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Iranian leader shuns ancient fire festival

Iran's supreme leader Ayatollah Ali Khamenei leads the weekly Muslim Friday prayers at Tehran University on June 19, 2009.
Iran's supreme leader Ayatollah Ali Khamenei leads the weekly Muslim Friday prayers at Tehran University on June 19, 2009.
  • Ayatollah Ali Khamenei tries to stop annual event celebrating the last days of winter
  • He urges Iranians to avoid ancient practice of fire jumping, feasting on Chaharshanbe Soori
  • He says festivities have no basis in Islam and can cause "harm and corruption"
  • Iran is beefing up security to ensure "order and calm" during the two-week festivities

Tehran, Iran (CNN) -- Iran's supreme leader is attempting to extinguish an annual event celebrating the last days of winter and the Persian calendar year, and the government is strengthening its security presence in the days leading up to a major holiday, Iranian media reported.

Ayatollah Ali Khamenei on Sunday urged Iranians to dismiss the ancient practice of fire jumping and feasting on Chaharshanbe Soori, a festival held on the eve of the last Wednesday before spring -- this year, March 16. The activities date back thousands of years.

The festivities have no basis in Islam, and can cause "harm and corruption," Khamenei said in a statement published by Iranian news sites. "It is appropriate to avoid it," he said.

The celebrations lead up to Norooz, the holiday that marks the first day of spring and the Persian new year. Norooz falls on Saturday this year.

Iran is beefing up security to ensure "order and calm" during the two-week period celebrating Norooz, stationing 200,000 security personnel across the Islamic republic, according to Raja news, the official new site of Iranian President Mahmoud Ahmadinejad.

In the eastern city of Mashad, the chief prosecutor said those who engage in "disruptive behavior" during Chaharshanbe Soori would face "strong consequences."

It's a precaution that's become increasingly commonplace in Iran, especially in advance of holidays, as the government continues to warn against political demonstrations that have emerged since last summer's disputed presidential elections.

Most recently, the Iranian government quashed anti-government protests that brewed in February as the nation commemorated the 31st anniversary of the Islamic Revolution, which marked the end of the country's Western-backed monarchy and the start of an Islamic republic. In the days that led up to the February 11 holiday, the government mobilized security forces and heightened its warnings, saying it would arrest protesters and hold them until the April 9 end of Norooz.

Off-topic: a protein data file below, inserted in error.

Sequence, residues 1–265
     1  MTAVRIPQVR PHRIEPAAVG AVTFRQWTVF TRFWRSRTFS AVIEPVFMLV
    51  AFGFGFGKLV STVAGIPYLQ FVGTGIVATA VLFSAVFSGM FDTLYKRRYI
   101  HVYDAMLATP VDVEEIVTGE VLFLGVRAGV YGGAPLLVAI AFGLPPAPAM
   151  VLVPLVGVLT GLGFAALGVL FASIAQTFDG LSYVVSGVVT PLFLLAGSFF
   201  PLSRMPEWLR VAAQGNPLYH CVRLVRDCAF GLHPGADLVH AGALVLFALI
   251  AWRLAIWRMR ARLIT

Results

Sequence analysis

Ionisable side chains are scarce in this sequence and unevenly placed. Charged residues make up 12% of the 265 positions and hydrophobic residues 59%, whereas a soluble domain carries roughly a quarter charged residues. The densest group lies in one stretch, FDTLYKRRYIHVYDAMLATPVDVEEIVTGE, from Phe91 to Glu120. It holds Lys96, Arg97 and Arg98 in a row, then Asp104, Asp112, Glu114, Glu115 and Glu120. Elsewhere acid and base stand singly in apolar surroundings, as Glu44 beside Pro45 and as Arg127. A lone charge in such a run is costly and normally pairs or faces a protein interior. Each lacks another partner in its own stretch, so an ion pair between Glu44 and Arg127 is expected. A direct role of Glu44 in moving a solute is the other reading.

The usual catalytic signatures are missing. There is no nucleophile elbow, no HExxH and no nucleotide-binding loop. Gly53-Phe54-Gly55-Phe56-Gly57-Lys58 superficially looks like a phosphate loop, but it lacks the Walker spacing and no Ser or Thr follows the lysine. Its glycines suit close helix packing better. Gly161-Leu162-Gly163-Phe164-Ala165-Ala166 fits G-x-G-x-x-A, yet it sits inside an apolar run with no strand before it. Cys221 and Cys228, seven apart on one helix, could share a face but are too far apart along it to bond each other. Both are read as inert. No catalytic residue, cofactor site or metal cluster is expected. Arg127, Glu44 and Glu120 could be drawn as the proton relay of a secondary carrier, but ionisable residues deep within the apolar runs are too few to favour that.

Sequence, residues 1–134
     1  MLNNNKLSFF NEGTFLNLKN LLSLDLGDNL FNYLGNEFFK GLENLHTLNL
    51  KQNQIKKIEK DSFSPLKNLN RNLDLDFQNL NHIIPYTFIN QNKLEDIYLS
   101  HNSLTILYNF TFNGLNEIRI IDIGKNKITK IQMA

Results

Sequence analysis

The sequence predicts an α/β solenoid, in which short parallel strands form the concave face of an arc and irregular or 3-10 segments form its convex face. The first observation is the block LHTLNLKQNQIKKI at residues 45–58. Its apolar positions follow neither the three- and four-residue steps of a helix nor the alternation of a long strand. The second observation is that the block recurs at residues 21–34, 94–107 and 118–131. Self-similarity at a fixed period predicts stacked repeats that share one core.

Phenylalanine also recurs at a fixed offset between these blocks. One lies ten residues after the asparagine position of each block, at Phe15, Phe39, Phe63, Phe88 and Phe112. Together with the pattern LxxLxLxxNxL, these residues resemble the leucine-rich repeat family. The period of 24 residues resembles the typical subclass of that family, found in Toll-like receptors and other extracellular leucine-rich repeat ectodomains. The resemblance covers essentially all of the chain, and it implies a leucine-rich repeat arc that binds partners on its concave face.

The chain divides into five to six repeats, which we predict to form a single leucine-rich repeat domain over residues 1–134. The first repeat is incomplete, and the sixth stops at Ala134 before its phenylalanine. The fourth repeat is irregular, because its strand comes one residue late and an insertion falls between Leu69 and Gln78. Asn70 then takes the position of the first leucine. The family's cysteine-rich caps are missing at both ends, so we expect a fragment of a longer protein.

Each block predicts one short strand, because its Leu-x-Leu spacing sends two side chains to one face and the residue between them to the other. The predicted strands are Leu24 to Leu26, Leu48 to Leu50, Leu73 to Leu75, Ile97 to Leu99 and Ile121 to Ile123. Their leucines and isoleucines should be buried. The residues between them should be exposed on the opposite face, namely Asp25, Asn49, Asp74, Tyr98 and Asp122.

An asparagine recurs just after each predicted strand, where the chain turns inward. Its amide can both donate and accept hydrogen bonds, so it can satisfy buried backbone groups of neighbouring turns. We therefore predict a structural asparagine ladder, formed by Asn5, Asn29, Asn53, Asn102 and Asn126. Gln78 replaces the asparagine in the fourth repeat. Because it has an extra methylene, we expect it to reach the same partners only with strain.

Six protesters who were arrested in December on the Muslim holiday of Ashura were sentenced to death on Monday, the day before Chaharshanbe Soori, the semi-official Fars news agency reported Monday. Their sentences are being reviewed by an appeals court, Fars said.

And some 350 inmates at Evin prison have gone on hunger strike to demand that their cases be examined before Norooz, saying their ward is so overcrowded with recent political arrestees that prisoners are in poor health, according to the Committee of Human Rights Reporters, an Iranian group.

There were also reports that opposition leader Mehdi Karrubi's home was vandalized. Karrubi's Eetemade-Melli (National Trust) party's Web site, called Saham News, said a group had gathered in front of his house and tossed red paint on the walls of the apartment building. Two weeks earlier, a similar group threw tomatoes and eggs at the building, the Web site said.

A video identifying a vandalized apartment building as Karrubi's was posted on YouTube Monday, showing exterior walls scrawled with the last names of Karrubi, fellow opposition leader Mir Hossein Moussavi and former President Mohammad Khatami -- all reformists. In some areas, the black spray paint read "death to Karrubi" and "death to Khatami."

Anti-government demonstrations began after the disputed June 12 presidential vote, which re-elected hardline President Mahmoud Ahmadinejad over main opposition candidate Mir Hossein Moussavi.

Eyewitnesses in Iran said thousands of riot police and security officers lined the streets of the capital, Tehran, and patrolled major intersections on motorcycles and on foot Monday night. Beginning Saturday, police also set up checkpoints along major roads in Tehran, and vehicles have been stopped and searched from late at night into the early morning hours, witnesses said.

CNN's Reza Sayah contributed to this report.